“More water!”

“We need to mix this more!”

“Rags! Quick!”

“It’s already curing!”


Fortunately, Kyle soon got the hang of it and it turned out fine. He ended up troweling it on to make sure the mixture spread into every nook and cranny.

As soon as we were done, we found ourselves stuck outside and it had just started to rain. After rinsing off our tools, we made our way up through the basement and jumped from the top of the stairs to bedroom where we hung out until the floors were dry (or almost dry, as evidenced by all of our footprints, most of which lead to the fridge).

I really think Bailey could care less about the condition of the floors. This marked the end of Day 1 (last Saturday).

On to Day 2 (last Sunday) – there were still some areas that needed leveling out – nothing a little spackle couldn’t handle though.

After the spackle dried, Kyle sanded the areas smooth.

With a fresh coat of spackle dust all over the floors, we ran the vacuum through before laying any tiles. Mr. Dyson, we may be pushing the limits on what your products were designed to do.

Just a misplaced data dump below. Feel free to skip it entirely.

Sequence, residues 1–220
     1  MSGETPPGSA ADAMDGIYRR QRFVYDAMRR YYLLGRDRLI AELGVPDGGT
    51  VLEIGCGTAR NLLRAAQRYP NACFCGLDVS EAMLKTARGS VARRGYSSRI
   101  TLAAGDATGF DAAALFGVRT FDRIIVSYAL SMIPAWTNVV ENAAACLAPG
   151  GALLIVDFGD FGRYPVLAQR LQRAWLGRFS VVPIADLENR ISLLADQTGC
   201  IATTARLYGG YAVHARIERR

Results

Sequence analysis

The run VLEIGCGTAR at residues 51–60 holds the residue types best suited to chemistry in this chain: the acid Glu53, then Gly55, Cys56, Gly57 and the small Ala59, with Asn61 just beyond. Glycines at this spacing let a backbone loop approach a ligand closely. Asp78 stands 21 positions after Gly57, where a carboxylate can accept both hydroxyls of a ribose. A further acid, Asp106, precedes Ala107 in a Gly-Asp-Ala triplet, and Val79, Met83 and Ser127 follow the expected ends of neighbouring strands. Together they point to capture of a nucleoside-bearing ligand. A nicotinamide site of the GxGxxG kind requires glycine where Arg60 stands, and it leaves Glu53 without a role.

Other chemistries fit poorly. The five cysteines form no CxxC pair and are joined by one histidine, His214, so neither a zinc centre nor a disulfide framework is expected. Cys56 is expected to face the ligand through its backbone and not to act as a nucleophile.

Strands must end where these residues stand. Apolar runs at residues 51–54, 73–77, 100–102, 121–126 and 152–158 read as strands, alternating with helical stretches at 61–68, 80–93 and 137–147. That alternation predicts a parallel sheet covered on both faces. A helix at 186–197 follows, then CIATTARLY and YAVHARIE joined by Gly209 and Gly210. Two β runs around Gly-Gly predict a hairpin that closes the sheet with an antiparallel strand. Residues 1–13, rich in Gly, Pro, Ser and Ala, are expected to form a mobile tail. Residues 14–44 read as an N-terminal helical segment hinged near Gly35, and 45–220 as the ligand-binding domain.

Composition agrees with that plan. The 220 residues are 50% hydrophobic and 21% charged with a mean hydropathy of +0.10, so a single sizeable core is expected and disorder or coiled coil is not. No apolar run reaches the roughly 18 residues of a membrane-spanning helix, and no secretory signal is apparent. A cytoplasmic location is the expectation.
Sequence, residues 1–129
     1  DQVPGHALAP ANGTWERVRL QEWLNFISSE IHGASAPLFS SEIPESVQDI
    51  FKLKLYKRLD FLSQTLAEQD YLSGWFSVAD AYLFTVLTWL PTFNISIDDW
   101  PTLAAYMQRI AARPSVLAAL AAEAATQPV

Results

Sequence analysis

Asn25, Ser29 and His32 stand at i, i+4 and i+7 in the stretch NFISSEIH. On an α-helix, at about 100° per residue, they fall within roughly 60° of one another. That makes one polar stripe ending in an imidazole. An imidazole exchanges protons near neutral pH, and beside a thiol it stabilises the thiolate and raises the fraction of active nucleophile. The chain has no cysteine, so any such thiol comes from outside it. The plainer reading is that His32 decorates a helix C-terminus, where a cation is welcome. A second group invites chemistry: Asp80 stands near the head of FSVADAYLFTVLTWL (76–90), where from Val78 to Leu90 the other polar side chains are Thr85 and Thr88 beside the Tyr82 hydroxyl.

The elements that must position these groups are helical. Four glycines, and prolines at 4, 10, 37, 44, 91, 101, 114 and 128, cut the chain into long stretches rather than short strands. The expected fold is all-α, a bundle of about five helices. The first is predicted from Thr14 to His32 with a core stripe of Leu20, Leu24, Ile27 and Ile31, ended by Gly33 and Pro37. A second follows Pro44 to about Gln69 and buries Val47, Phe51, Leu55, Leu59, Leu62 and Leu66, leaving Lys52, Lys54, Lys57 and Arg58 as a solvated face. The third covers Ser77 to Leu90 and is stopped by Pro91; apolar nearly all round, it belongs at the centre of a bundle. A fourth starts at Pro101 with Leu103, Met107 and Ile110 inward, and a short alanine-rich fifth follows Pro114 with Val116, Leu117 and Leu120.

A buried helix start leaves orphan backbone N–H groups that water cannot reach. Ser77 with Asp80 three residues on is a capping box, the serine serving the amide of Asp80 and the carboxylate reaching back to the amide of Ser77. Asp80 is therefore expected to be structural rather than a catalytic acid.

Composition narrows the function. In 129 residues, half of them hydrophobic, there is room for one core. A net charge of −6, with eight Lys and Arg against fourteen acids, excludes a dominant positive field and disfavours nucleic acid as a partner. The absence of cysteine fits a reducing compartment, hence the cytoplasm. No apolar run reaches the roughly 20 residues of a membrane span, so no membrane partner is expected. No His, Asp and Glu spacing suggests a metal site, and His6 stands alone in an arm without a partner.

Before we glued any tiles down, we needed to figure out where to start. This step may have been a bit over the top, but it ended up saving us a lot of headache. First we took a print-out of the plywood layout plan we had done earlier and then took as-built measurements of the space. We then adjusted our floor plan in AutoCad and superimposed a 12″x12″ grid over that. We then moved the grid around until we had found a layout that didn’t have seams in weird places or that would result in tiny strips of cork at the edges. We also wanted to, as much as possible, minimize cork joints that happened directly over plywood joints. Once we found the best compromise between the different factors, we chose a central spot in the living room and (using a 90 degree laser level) snapped a chalk line in both directions, with our starting place being the intersection of the two lines.

We bought 12″x12″ Capri cork tiles from Ecohaus. Typically they come unfinished or pre-finished with polyurethane. Since we wanted the ability to spot repair, we opted for a wax pre-finish. Unfortunately, after the tiles were delivered (months ago) we discovered that there was little to no finish on the tiles. More on that later.